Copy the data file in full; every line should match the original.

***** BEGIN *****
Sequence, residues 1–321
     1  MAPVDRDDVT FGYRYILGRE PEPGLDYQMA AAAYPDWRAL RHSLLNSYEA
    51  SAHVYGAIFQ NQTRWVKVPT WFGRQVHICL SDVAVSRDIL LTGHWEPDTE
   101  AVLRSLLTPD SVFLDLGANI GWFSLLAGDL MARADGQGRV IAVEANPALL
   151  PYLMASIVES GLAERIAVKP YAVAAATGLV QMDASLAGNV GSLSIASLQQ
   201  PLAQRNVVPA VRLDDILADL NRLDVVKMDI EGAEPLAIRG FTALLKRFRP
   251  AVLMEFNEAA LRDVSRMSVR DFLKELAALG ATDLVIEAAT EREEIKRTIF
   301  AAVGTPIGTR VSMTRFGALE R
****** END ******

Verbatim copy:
Sequence, residues 1–321
     1  MAPVDRDDVT FGYRYILGRE PEPGLDYQMA AAAYPDWRAL RHSLLNSYEA
    51  SAHVYGAIFQ NQTRWVKVPT WFGRQVHICL SDVAVSRDIL LTGHWEPDTE
   101  AVLRSLLTPD SVFLDLGANI GWFSLLAGDL MARADGQGRV IAVEANPALL
   151  PYLMASIVES GLAERIAVKP YAVAAATGLV QMDASLAGNV GSLSIASLQQ
   201  PLAQRNVVPA VRLDDILADL NRLDVVKMDI EGAEPLAIRG FTALLKRFRP
   251  AVLMEFNEAA LRDVSRMSVR DFLKELAALG ATDLVIEAAT EREEIKRTIF
   301  AAVGTPIGTR VSMTRFGALE R